Fundamentals of Needs Analysis

1 / 35

# Fundamentals of Needs Analysis - PowerPoint PPT Presentation

Fundamentals of Needs Analysis. How is EFC Determined?. Three regular full data formulas Dependent student Independent student Independent student with dependents other than a spouse. How is EFC Determined?. Simplified Automatic zero. Formulas – Dependent Students. Simplified Formula

I am the owner, or an agent authorized to act on behalf of the owner, of the copyrighted work described.

## PowerPoint Slideshow about 'Fundamentals of Needs Analysis' - benjamin

An Image/Link below is provided (as is) to download presentation

Download Policy: Content on the Website is provided to you AS IS for your information and personal use and may not be sold / licensed / shared on other websites without getting consent from its author.While downloading, if for some reason you are not able to download a presentation, the publisher may have deleted the file from their server.

- - - - - - - - - - - - - - - - - - - - - - - - - - E N D - - - - - - - - - - - - - - - - - - - - - - - - - -
Presentation Transcript
How is EFC Determined?
• Three regular full data formulas
• Dependent student
• Independent student
• Independent student with dependents other than a spouse
How is EFC Determined?
• Simplified
• Automatic zero
Formulas – Dependent Students
• Simplified Formula
• Assets not considered
• Parents’ AGI or earnings from work < \$50,000 and
• Parents are not required to file IRS form 1040
Automatic Zero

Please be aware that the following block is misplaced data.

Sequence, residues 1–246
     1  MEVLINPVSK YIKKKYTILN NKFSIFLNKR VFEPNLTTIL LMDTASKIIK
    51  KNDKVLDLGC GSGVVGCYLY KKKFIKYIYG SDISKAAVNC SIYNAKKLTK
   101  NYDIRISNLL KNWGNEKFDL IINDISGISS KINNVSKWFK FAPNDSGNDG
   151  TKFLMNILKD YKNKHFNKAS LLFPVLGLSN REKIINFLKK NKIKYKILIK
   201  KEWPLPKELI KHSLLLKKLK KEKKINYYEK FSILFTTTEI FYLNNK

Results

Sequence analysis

• EFC is automatically zero if
• Parents’ AGI or income earned from work is \$20,000 or less and
• Parents are not required to file IRS form 1040
Independent Students
• Independent Students w/o Dependents other than a spouse
• Applies to single & married independent students
• May NOT qualify for automatic zero EFC
• May qualify for simplified formula
• Student (and spouse) AGI or earnings from work < \$50,000 and
• Student (and spouse) not required to file IRS form 1040
Independent Students
• Independent Students with Dependents other than a Spouse
• Analysis looks much like that of parents of dependent students
• EFC automatically zero if
• Student’s (and spouse’s) AGI or income earned from work is \$20,000 or less and
• Student (and spouse) not required to file IRS form 1040
Independent Students
• May qualify for simplified formula
• Student (and spouse) AGI or earnings from work < \$50,000 and
• Student (and spouse) not required to file IRS form 1040
Simplified & Automatic Zero
• Means-Tested Federal Benefit Programs
• Students also qualify for simplified formula or automatic zero if, in addition to meeting relevant income thresholds, they or their parents received benefits from a means-tested federal benefit program